Mother, why didn’t you tell me?
Mother, look at me,
You never told me.
You dressed me up in fresh petal dresses,
gleaming with a desperate whiteness,
powdered, dusted with fairy tale illusions.
Even the moon became envious,
as scabrous veins bleached in his conceit,
weighted upon the frigid tree.
Bent from a lifetime of shrieking,
shrivelled, burdened by his arrogance,
she was the pedestal to his high standing.
He never thanked her. But, mother,
you said, “That’s how it is,
that’s the way it’s meant to be, for two shadows to touch
and for one to lose itself inside of the other.”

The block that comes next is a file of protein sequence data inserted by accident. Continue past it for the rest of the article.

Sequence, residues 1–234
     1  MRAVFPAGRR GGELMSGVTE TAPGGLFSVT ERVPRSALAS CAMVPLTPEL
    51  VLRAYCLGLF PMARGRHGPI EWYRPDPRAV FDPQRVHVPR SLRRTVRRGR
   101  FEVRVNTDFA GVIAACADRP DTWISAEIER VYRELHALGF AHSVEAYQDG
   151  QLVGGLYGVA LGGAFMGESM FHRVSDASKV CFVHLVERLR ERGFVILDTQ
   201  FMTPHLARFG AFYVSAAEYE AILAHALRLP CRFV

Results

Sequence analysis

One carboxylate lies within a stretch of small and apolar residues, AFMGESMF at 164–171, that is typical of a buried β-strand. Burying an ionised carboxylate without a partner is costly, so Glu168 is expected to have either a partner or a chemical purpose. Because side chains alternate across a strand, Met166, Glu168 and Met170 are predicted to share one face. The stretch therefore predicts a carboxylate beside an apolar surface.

It was always her shadow that she would have to sacrifice,
always her being, lost in him, that would deserve his title.
Strange that she is a body with a soul,
no different from him.
She has a title, a name, her father’s name,
yet she is rendered childish
because she hides beneath her blanket.
She is scared but understands that her soul is a garment,
longing to protect her fragile frame,
dressing it with shame and reason.
Mother, you never told me
that womanhood is a journey into the soul.
I have come to think that I may never become,
so I continue travelling, fighting to find this foreign body,
hoping to resurrect and breathe new life into her?